• Water supply and drain to be closed once fairly clean water starts flowing from the drain.
  • After the cleaning is completed the engine must be run on same speed for about 5 mins until all parts are dry.
  • This operation is usually carried out on a weekly basis.
Arrangement for turbine water-washing
Arrangement for turbine water-washing
Dry Cleaning : The turbocharger speed does not have to be reduced when dry cleaning. A container is filled with correct amount of cleaning material, either ground nutshells or small grains of rice. The valve from the container is then opened to blow the material into the turbine casing. This is carried out normally every two days.

New series of two-stage turbochargers :

Two-stage turbocharging is important for the development of new generation of large-bore diesel engines with reduced exhaust emissions. Reducing engine emissions through internal measures is achieved by increasing the mean effective pressure. This requires high charge-air pressures but cannot be achieved through single-stage turbocharging. Two-stage turbocharging enables the charge-air pressure to be increased substantially while simultaneously reducing exhaust emissions, despite the increased specific engine output. MAN Diesel & Turbo has introduced  two-stage turbocharging to the market with its TCX series.
Two-stage turbocharging systems consist of two turbochargers of different size connected in series. The exhaust gas coming from the engine drives the turbine of the smaller, high-pressure turbocharger (the first stage) which in turn drives the turbine of the larger, low-pressure turbocharger (the second stage).
The low-pressure turbocharger's compressor draws in ambient air and sends it via an intermediate cooler to the high-pressure turbocharger's compressor. Here, the air is compressed once again and, via a further charge-air cooler, sent to the engine. The system adapts to varying operating conditions either through controlled turbine bypass or by variable nozzle rings (VTA).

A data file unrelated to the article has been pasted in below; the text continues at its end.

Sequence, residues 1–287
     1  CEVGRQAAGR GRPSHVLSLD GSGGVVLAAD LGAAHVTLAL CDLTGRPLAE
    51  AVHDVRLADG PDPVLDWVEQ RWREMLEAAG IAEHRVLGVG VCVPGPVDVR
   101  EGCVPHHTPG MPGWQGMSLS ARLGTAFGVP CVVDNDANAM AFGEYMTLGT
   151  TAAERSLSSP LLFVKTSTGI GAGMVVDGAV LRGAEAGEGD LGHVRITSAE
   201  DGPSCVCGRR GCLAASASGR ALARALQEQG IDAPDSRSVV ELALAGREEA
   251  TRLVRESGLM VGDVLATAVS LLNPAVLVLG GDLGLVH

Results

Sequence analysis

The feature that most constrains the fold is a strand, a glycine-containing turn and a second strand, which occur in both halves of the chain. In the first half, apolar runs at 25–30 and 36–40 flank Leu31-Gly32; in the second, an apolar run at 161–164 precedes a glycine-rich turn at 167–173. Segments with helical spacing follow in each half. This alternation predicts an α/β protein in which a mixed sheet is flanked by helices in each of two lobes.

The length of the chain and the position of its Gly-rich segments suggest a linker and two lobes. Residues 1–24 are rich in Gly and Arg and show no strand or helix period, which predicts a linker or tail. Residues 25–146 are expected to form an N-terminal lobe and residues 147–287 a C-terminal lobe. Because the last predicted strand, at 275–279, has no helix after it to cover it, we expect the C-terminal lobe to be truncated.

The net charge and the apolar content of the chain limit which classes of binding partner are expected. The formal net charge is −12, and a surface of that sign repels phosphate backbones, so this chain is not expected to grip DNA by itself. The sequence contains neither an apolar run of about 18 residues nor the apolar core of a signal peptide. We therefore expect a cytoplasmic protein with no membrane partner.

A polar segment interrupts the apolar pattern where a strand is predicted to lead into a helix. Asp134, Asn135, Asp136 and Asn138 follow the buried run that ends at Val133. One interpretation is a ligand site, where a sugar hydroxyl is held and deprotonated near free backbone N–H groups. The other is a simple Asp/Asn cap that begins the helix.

VTA – Variable Turbine Area, allows charge air delivery to be optimized by using adjustable vanes. By altering the pitch of the adjustable vanes, the exhaust gas pressure is regulated and thus the air amount can be precisely matched to the quantity of injected fuel at all points in an engine’s load and speed range. The result is reduced specific fuel consumption, reduced emissions HC and CO2 and improved engine response.
Although two stage turbocharging is more efficient than single stage, the additional cost and complexity of the system makes it generally unpopular.

Surging is a phenomenon that affects centrifugal compressor when the mass flow rate of air falls below a sustainable level for a given pressure ratio.
Surging is a condition whereby an imbalance in demand and supply of air from the turbocharger causes a rapid deceleration. When this occurs the pressure downstream of the compressor is relieved to atmosphere backwards through compressor. This is known as surging and it is accompanied by a loud barking noise and vibration. It was not uncommon on pulse systems in heavy weather, it is less prevalent in modern constant pressure designs.
The turbocharger must produce the required scavenge pressure. When the turbocharger cannot maintain pressure and the air flow decreases, the delivered pressure falls below the scavenge pressure which results in reversal flow and surging occurs.
If surging occurs engine speed must be reduced, the compressor should be water washed and air filters cleaned. If this does not solve problems the engine balance should be checked by taking set of indicator cards.
Conditions leading to Surging: 
Surging may occur in heavy weather when propeller comes out of water and governor shuts the fuel almost instantaneously.
Some possible reasons of surging are :
  • For multi blower installations surging can occur due to a difference in maintenance of cleaning causing one or more to operate at pressure ratio's above its capability
  • When governor shuts fuel instantaneously.
  • change in engine speed/ load relationship- say due to hull fouling
  • cylinder power imbalance
  • faulty injectors or timing
  • dirty air filter
  • dirty air cooler (air side)
  • dirty turbine nozzle ring
  • deposits on blades or impeller
  • damage to blades
It is also possible that components downstream from the blower exhaust such as a fouled exhaust gas boiler can also lead to surging

Author marineGuru